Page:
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NRC: U.S. Nuke Plants Safe Despite Problems

Problems identified during inspections did not pose a significant safety risk and have been corrected, the Nuclear Regulatory Commission said.

ROCKVILLE, Maryland (AP) -- Inspectors have found problems with equipment, training and procedures at some U.S. nuclear reactors, but none serious enough to undermine confidence in the plants' continued safe operation, federal regulators said Thursday.

The problems identified during inspections over the past two months did not pose a significant safety risk and have been corrected, the Nuclear Regulatory Commission said.

The comments came as a task force of senior NRC staffers briefed the five-member panel on a safety review of U.S. nuclear reactors being conducted in response to the nuclear crisis in Japan.

"As we stand today, the task force has not identified any issue we think would undermine our confidence in the continued safety and emergency planning of nuclear plants in this country," said Charles Miller, who oversees environmental management programs for the NRC and is leading the review.

Marty Virgilio, the NRC's deputy executive director, cited problems with equipment and procedures intended to cope with extreme events such as natural disasters or terrorist attacks, rather than issues involving design flaws. He did not say where the problems were found.

An agency spokesman said that problems were identified at less than one-third of the 104 U.S. nuclear reactors.

The problems included emergency pumps that were missing or did not work, or equipment that was stored in areas that could be vulnerable to earthquakes or floods, said Eliot Brenner, an NRC spokesman.

"None of the observations posed a significant safety issue," Virgilio told the commission Thursday. "At this point in time it's our understanding that whatever has been found has been corrected."

The disclosure of the inspection findings followed a bulletin issued Wednesday by the nuclear agency ordering U.S. plants to show they had the proper equipment and staff to respond to a terrorist attack or other extreme event, such as a fire or flood.

The demand for information from plant operators is one of several actions the NRC is taking in response to the Japan crisis and is separate from a 90-day safety review being conducted by the NRC task force. The agency also has ordered resident inspectors to step up spot checks of the 65 U.S. nuclear power plants -- an action that identified the problems disclosed on Thursday.

Meanwhile, federal regulators ordered an in-depth inspection this week at an Alabama nuclear plant after deciding the failure of an emergency cooling system there could have been a serious safety problem.

The NRC issued a rare "red finding," its most severe citation, against the Tennessee Valley Authority, which runs the Browns Ferry nuclear power plant near Athens, Alabama. Regulators said a stuck valve could have caused an emergency cooling system to fail.

In a progress report Thursday, the NRC task force said it probably would recommend changing federal rules to upgrade safety and preparedness.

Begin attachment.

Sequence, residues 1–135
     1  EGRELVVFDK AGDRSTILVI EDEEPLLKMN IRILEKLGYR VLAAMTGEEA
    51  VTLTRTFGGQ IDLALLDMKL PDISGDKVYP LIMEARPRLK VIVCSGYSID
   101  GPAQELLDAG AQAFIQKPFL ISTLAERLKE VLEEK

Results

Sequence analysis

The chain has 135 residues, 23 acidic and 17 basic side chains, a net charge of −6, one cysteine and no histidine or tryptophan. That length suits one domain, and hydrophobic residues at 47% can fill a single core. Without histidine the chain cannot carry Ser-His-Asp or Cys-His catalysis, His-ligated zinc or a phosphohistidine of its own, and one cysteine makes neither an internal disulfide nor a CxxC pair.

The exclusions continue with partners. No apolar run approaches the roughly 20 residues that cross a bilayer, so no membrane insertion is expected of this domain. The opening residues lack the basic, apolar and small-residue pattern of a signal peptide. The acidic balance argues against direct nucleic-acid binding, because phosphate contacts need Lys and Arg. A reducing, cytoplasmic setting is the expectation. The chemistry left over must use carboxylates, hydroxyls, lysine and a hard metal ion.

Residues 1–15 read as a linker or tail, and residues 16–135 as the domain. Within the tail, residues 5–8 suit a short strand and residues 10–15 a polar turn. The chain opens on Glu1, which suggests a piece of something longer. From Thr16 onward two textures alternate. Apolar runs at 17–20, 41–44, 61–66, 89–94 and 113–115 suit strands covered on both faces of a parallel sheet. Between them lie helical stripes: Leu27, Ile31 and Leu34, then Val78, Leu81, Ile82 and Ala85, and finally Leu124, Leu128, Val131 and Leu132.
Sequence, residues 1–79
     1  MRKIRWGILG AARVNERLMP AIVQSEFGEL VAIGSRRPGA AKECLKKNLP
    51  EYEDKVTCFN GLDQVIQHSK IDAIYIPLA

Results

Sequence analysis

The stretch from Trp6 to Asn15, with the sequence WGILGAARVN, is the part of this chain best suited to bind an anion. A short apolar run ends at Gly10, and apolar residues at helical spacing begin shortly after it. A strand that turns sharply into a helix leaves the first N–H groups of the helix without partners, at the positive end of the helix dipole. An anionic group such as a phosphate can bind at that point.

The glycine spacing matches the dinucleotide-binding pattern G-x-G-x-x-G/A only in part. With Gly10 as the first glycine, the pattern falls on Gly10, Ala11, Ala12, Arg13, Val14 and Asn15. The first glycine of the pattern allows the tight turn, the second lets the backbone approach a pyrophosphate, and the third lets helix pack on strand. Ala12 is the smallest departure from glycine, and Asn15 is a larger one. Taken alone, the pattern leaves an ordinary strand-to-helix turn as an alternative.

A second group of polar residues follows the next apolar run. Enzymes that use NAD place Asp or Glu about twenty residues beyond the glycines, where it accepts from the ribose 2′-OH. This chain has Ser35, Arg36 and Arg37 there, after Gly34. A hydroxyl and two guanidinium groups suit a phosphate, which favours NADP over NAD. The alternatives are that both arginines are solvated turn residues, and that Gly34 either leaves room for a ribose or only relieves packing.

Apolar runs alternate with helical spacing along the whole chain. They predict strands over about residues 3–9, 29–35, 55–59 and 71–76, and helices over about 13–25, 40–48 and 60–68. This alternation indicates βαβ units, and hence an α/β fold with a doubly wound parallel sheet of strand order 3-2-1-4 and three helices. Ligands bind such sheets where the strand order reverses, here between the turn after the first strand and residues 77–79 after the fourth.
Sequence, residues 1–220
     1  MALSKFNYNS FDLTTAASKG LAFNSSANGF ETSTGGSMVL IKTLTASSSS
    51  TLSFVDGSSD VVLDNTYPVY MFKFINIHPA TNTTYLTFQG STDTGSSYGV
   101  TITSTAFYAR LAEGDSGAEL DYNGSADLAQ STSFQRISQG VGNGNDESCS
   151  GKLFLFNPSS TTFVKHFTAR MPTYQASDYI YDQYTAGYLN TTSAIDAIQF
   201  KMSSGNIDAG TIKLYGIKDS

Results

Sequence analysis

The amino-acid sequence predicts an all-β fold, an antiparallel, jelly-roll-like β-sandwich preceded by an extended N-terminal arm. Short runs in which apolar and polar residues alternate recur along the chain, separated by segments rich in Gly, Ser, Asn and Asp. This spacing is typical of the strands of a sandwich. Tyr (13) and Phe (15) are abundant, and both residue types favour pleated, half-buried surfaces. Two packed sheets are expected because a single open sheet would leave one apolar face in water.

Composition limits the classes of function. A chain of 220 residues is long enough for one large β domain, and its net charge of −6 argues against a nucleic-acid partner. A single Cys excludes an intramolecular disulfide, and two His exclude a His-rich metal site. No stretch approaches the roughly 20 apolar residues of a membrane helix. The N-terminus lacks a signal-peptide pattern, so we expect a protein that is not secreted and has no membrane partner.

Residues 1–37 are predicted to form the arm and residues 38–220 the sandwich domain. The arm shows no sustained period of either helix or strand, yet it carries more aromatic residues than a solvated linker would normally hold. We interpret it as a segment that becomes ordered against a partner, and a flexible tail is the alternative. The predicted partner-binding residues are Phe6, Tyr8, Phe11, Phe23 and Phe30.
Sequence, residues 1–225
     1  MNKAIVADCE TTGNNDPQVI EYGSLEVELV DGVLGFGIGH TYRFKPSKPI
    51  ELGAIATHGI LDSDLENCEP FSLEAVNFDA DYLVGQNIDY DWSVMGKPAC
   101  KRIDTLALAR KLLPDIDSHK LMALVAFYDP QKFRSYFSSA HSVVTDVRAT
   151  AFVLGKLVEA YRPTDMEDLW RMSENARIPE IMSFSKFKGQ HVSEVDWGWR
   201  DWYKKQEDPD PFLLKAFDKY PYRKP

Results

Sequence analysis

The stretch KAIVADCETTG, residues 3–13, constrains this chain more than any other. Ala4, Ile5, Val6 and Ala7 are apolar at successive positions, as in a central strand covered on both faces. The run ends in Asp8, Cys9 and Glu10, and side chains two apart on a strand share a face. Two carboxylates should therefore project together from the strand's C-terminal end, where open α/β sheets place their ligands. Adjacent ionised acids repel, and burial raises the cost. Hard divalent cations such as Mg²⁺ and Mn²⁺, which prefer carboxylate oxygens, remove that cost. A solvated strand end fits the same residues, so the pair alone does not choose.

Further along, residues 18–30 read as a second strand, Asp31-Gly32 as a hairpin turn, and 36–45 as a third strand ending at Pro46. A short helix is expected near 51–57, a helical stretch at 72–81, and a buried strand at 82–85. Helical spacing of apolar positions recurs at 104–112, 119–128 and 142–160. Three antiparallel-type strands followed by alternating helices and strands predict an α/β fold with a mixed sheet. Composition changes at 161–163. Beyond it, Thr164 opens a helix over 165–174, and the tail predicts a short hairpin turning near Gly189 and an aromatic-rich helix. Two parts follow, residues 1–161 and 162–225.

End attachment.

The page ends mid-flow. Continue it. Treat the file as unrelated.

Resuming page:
The group of senior NRC employees said it will address a range of issues, including the ability of plants to deal with prolonged power outages caused by earthquakes, floods, fires or other catastrophic events.

NRC chairman Gregory Jaczko has questioned whether U.S. reactors are prepared for the type of days-long power outage that struck a nuclear power plant in Japan following the March 11 earthquake and tsunami.

The agency has mandated that U.S. plants need only cope without power for four hours to eight hours. After that time, the policy assumes some electrical power would be restored, either from the power grid or emergency diesel generators that are required at all plants.

The task force did not make a recommendation on "station blackouts," but Miller said it probably would address the issue in a 90-day report due in July.

The group also will look at ways to prevent long-term damage to the core reactors and spent fuel pools in the event of a long-term blackout, said Miller, who briefed the five-member commission.

The NRC set up the panel in late March, saying it was important to apply lessons learned from Japan. The task force is conducting two reviews, a 90-day report due in July and a long-term analysis due in January.

Rep. Edward Markey, a longtime opponent of nuclear power, released a separate report highlighting what he called inadequacies at the NRC that could affect oversight of U.S. plants.

Markey said emergency diesel generators have failed repeatedly at dozens of plants in recent years. At least 69 incidents of diesel generator failures have been reported at 33 nuclear plants in the past eight years, he said.

NRC regulations do not require emergency diesel generators to operate when there is no fuel in a nuclear reactor core, even though that could leave spent fuel pools without any back-up cooling system in case power is lost, the report said. In Japan, large amounts of radioactive material escaped from a spent fuel pool at the stricken Fukushima Dai-ichi nuclear plant after cooling systems failed.

Markey's report said the NRC should do more to prevent hydrogen explosions at nuclear reactors and spent fuel pools, and should update seismic safety requirements for nuclear reactors. The Fukushima plant experienced several hydrogen explosions after the earthquake and tsunami.

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